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Chiropractic Principles
Module 3 - Chiropractic Philosophy
Part Two - The Modern Theories

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The Vertebral Subluxation Today

The term "Subluxation" has been around for hundreds of years. It was described in 1746 as "....subluxation of joints is recognized by lessened motion of the joints, by slight change in position of the articulating bones and pain ...." (#1 - p. 6) As we will see, the basic definition has not changed much over the years. What has changed is the interpretation and extrapolation of the terms meaning since Chiropractic came into existence.

From the layman's point of view, a subluxation may be described as the signs and symptoms which come about after vertebral joints become altered in their normal motion. However, this simplified explanation does not meet the criteria for discussion at the level of Science, described in Module 2.

In a future Module, an in-depth discussion will be presented concerning the relative Anatomy and Neurology of the Vertebral (Spinal) Column. For now, a general overview will be presented.

Vertebral Column - that portion of the back which protects the Spinal Cord. Also referred to as the Spinal Column, it is composed of 24 moveable bones (Vertebrae). Each bone contains areas referred to as Joints (Facets) which allow for a joining or Articulation to occur. As can be seen in the accompanying diagram, the spine is divided into different regions: Cervical (neck) - Thoracic (mid-back) - Lumbar (low back) - Sacral (foundation).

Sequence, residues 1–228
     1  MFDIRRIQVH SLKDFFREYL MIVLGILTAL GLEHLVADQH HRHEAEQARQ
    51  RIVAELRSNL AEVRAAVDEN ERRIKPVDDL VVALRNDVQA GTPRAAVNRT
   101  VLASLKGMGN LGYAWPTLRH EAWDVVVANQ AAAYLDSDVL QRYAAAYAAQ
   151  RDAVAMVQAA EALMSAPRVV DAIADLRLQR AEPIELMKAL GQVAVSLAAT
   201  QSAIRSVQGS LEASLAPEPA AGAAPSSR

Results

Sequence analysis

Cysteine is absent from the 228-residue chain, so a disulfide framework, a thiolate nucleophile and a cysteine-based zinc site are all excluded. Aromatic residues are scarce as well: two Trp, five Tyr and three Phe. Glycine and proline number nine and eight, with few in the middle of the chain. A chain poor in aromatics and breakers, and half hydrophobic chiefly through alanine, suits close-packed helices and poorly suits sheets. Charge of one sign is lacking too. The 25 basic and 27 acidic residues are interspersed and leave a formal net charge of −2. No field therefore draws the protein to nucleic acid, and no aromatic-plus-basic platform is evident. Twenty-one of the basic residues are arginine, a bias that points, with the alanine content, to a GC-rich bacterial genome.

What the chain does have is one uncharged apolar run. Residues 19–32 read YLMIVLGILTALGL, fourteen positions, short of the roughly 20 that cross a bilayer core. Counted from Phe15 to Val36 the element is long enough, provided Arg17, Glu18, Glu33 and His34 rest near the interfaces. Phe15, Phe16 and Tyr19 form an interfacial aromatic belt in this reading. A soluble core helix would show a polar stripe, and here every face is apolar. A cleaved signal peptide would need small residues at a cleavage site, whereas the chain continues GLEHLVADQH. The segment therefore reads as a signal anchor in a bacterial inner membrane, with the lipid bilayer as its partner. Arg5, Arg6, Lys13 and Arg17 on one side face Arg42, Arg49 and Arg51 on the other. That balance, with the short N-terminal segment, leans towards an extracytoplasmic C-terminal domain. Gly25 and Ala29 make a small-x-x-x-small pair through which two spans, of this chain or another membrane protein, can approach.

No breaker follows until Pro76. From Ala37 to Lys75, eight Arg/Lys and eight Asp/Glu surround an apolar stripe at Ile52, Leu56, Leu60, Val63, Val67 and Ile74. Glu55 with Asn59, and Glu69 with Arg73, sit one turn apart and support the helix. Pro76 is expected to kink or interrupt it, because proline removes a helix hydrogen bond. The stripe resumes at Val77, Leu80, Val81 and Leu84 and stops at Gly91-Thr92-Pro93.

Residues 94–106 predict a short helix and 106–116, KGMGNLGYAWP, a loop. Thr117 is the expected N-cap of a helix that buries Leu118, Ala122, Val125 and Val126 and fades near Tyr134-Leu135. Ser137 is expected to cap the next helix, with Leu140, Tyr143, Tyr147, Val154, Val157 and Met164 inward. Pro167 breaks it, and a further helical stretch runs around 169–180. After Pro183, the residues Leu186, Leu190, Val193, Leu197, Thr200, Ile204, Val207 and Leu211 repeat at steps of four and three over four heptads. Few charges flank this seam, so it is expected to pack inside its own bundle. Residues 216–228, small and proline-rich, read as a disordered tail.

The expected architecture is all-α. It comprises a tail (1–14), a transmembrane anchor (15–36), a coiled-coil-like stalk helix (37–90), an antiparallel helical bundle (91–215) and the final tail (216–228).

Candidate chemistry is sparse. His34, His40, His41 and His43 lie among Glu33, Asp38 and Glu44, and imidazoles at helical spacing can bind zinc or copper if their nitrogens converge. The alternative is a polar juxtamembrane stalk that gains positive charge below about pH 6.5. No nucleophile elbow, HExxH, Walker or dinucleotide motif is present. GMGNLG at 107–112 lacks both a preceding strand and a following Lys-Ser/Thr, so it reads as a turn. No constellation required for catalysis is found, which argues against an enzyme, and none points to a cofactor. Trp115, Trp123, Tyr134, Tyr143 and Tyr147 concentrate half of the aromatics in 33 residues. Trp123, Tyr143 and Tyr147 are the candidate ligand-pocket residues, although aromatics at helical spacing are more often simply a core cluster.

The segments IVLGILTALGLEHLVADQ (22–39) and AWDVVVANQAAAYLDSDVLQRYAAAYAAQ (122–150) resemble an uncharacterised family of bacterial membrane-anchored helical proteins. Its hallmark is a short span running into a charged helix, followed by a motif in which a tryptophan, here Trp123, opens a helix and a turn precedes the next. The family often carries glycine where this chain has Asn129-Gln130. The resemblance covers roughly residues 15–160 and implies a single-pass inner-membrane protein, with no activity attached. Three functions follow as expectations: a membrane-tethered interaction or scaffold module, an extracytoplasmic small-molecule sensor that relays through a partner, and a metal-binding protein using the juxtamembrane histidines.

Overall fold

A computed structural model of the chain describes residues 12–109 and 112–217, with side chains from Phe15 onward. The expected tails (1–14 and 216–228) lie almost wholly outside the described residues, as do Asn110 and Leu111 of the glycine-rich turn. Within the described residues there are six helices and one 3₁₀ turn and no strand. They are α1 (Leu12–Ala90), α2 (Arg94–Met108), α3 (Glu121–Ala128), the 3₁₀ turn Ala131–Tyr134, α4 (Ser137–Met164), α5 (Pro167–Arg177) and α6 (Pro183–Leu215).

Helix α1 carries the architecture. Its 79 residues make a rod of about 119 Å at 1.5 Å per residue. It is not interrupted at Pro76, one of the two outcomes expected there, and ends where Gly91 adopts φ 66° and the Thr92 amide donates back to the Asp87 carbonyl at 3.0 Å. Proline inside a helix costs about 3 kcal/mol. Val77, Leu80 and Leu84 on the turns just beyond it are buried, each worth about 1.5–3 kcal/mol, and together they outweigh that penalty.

Human Vertebral Spinal Column

Intervertebral Disc - the soft tissue located between Spinal Vertebrae, allowing for a cushioning and support of the Vertebral Column.

Spinal Curves - When the Spinal Column is looked upon from a back (Posterior) to front (Anterior) direction, the column is relatively a straight line. However, when the Spinal Column is viewed from the side (Lateral view) distinct curvatures are noticeable. Proper nomenclature defines the direction of a curve according to it's Convexity (see diagram).

Convexity vs. Concavity

Thus, the Spinal Column has two (2) distinct areas where the spinal curve is toward the front or Anterior, and two (2) distinct areas where the spinal curve is directed toward the back or Posterior. Beginning at the base of the skull, the Cervical Region contains an Anterior or Lordotic Curve. Next, the Thoracic Region contains a Posterior or Kyphotic Curve. The low back or Lumbar Region contains a Lordotic Curve, followed by the foundation of the spine, the Sacral region, which is directed toward the Posterior.

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